How Mercy accelerated rare disease diagnoses in rural areas

Children's Mercy Kansas City (Mo.) researchers found a way to reduce the time to diagnosis for rare disease by 5.5 months.

Local providers are sometimes wary of the benefits of genetic testing for rare disease and have significant constraints in pursuing it themselves, instead relying on referrals to specialists. However, referrals result in long waitlists, delays in clinical assessment, insurance clearance, testing and initiation of diagnosis. Attending multiple visits to urban medical centers can also pose a difficulty for families.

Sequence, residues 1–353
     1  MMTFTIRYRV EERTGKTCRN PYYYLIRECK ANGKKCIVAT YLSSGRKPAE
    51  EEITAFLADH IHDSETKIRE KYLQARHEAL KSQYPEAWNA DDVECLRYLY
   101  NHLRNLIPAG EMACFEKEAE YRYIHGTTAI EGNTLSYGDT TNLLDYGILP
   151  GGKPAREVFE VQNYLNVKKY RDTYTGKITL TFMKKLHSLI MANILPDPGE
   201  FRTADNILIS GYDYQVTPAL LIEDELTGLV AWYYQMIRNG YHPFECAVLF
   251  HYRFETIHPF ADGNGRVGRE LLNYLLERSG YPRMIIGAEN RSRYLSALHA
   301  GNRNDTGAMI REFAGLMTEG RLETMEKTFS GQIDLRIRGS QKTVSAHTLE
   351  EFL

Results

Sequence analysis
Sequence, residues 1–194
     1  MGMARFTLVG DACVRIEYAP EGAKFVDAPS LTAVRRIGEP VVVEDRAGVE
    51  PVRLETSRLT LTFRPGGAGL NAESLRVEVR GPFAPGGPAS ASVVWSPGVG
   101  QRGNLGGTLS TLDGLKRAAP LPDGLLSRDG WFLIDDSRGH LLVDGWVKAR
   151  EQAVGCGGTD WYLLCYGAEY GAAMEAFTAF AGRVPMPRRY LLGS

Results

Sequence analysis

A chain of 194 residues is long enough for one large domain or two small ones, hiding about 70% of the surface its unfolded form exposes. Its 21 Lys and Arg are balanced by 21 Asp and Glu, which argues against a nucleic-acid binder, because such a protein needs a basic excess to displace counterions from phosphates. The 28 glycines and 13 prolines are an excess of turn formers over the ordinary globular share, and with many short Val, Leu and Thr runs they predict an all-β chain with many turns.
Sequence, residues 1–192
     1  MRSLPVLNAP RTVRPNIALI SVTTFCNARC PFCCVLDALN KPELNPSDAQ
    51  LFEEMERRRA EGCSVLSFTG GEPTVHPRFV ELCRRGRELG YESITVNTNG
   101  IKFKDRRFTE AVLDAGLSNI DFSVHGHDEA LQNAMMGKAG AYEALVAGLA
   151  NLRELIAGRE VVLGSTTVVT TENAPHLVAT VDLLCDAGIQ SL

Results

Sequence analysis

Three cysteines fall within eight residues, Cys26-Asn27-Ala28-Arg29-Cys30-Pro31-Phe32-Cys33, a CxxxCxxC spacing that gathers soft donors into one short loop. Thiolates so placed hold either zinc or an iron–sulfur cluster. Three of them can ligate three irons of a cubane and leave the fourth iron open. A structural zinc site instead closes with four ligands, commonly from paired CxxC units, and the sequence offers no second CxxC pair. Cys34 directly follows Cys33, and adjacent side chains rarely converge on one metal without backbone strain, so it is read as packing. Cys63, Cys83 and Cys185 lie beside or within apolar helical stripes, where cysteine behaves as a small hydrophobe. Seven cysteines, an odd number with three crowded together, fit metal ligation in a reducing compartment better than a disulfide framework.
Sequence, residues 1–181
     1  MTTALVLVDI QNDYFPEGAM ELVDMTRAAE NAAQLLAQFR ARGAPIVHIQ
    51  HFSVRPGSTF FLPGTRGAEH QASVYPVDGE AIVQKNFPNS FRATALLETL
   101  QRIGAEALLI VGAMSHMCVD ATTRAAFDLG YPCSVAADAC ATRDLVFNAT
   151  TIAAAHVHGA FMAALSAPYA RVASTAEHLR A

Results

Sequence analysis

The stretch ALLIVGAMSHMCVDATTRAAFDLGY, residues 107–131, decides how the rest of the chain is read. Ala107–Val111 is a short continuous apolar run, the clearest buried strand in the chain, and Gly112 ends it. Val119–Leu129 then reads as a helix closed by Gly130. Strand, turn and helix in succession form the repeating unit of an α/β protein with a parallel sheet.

The study, published April 17 in ScienceDirect, worked with a primary care provider in rural Kansas to provide direct-to-provider access to unrestrictive genome testing. The pilot study found that the direct-to-provider exome sequencing program shortened time to diagnosis by a minimum of 5.5 months, compared to the standard referral-to-specialist method. 

"We share our experience to encourage future partnerships beyond our center," the study authors wrote. "Our efforts represent just one step in fostering greater diversity and equity in genomic studies."

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